TapRm is a B2B Software-as-a-Service (“SaaS”) platform working within the $120bn beer and alcoholic beverage market in the United States. They focus on enabling beer and hard seltzer to go to market quickly and reach their consumers directly.

TapRm’s announcement centers on the success of their Powered By TapRm (“PBT”) platform, launched in October last year. While TapRm has always made it fast and reliable for alcohol brands to reach their consumers online, PBT's vertically integrated offering that enables brands to sell online without a traditional distributor or retailer has taken their business to another level. Currently, TapRm has the capability to take brands live from contract signing to online in NYC in under 7 days through their powerful website and procurement workflows fully integrated into their custom-built technology stack and impressive network of integrated retailers, shippers, and couriers. Since launch, their contracts have grown 21% MOM, they have maintained a 37% closing rate after the first meeting, and recently expanded their offering to include 45 states shipping across the country. With thousands of beers and hard seltzer brands to work with just in the U.S., TapRm is proud of their platform’s success so far, and are looking forward to the next stage of growth.

TapRm’s own in-house marketplace,, continues to bring together a community of drinkers looking to discover the newest and most interesting brands making a splash within the industry. TapRm also utilizes their marketplace to test their newest technology product, fulfillment, and procurement capabilities, and gather valuable insights on what’s trending in the community. Additionally, they have begun tying marketplace promotions to some PBT customers as clear up-sell opportunities for brands looking for additional exposure.

TapRm was also excited to become certified as a Most Loved Workplace® for 2022 - a testament to their company culture and dedicated team -- joining a group of over 195 other workplaces that include Twitter, IBM, and Kraft Heinz.

The Branded team does not remotely take for granted that TapRm is not only an important Partner Company, but that we also share our offices – B Works with this incredible team.

Branded was very fortunate to be connected with TapRm as a result of a restaurant we owned on the UES (Duke’s) and the self-pour beverage solution (Pour My Beverage) we engaged with to create a unique hospitality experience for our guests. TapRm was the ONLY beer distributor that would market our restaurant and the beers we were serving to its network. We loved the experience and relationship so much, we gave them discretion over our “beer wall” and allowed them to select, curate and market the wall to their network and ours. The relationship has grown exponentially over the years and on both a professional and personal level, this is a company and a group of people I’m proud to work with and call my friends.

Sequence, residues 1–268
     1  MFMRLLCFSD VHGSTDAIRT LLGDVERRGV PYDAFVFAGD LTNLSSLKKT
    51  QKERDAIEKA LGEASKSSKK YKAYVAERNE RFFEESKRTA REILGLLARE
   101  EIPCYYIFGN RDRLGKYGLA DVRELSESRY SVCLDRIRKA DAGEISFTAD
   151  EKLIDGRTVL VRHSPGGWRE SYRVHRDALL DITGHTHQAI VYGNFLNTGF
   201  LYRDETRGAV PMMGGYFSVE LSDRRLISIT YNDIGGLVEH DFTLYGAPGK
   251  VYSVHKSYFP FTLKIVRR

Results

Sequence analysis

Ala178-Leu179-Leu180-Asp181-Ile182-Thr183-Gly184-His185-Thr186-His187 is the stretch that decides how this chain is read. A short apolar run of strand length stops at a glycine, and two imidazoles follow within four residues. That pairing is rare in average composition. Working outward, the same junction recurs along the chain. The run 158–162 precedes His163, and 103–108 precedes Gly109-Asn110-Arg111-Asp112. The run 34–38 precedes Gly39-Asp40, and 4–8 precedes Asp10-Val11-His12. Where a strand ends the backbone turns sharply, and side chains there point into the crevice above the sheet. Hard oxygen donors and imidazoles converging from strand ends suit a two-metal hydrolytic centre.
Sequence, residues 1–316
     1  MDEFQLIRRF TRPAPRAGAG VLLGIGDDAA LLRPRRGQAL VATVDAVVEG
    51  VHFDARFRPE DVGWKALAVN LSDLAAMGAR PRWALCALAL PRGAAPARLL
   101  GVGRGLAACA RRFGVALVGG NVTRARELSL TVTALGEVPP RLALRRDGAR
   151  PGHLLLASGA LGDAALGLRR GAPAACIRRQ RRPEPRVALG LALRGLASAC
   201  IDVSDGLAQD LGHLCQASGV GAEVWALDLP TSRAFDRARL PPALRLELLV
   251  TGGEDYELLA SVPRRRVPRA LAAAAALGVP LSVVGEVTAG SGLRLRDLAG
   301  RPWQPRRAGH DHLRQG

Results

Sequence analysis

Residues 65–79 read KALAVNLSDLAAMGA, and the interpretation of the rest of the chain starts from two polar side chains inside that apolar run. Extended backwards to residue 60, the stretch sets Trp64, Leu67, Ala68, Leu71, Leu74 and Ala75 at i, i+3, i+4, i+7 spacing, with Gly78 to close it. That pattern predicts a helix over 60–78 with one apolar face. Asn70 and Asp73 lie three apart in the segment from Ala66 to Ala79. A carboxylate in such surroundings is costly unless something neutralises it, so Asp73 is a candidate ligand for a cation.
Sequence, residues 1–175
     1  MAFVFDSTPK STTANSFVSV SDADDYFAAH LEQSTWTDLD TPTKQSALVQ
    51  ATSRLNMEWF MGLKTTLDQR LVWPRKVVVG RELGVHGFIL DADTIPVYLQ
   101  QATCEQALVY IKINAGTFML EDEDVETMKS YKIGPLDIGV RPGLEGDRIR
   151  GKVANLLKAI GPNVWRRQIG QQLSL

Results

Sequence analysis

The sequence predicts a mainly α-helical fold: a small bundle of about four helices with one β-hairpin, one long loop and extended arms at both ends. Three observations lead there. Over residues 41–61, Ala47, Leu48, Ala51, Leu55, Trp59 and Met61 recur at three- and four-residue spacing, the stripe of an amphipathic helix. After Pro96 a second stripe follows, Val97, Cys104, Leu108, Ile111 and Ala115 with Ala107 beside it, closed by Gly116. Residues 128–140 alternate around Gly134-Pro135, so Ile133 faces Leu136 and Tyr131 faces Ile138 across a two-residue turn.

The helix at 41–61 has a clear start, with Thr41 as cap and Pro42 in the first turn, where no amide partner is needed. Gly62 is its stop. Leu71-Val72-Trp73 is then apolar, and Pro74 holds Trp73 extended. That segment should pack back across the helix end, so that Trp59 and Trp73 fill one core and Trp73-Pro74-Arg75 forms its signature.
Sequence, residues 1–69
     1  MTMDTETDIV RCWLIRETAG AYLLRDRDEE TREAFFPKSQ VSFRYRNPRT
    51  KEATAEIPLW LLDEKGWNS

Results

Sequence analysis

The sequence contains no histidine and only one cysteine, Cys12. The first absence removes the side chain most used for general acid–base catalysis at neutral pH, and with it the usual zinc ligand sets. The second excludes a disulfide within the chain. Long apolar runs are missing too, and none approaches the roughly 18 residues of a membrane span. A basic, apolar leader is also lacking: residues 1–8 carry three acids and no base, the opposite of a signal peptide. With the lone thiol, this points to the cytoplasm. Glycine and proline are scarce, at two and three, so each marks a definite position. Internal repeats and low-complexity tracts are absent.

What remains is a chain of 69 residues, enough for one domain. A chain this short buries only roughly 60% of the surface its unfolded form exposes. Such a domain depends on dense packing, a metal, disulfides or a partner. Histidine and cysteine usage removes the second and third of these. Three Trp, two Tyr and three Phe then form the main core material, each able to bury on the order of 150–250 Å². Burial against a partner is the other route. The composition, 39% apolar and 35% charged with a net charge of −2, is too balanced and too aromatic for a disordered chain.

If you’d like to speak about opportunities with TapRm, please contact me directly.



Tuesday, August 16th - Hospitality Hangout: This month on the Hospitality Hangout, Michael Schatzberg “The Restaurant Guy” and Jimmy Frischling “The Finance Guy” are taking a break from their usual interview episodes and bringing you a Best Of season of all your favorite segments. They bring back “Best Of” old favorites such as “The Crystal Ball Moment” and “Top Of Tech Stack.”

In this episode they feature a Best Of On The Road with special guest and Co Founder & CEO at Chowly, Inc., Sterling Douglass (the Hospitality Hangout’s very own “Technology Guy”). The guys said they’ve been fortunate to have been able to record the show on site at industry trade shows like Food On Demand, MURTEC, RFIS, CES and more. Schatzberg says that the show offers a wonderful opportunity to catch up with friends and gain insights plus create new connections.

This episode features:

Listen to the full episode here: Best of On The Road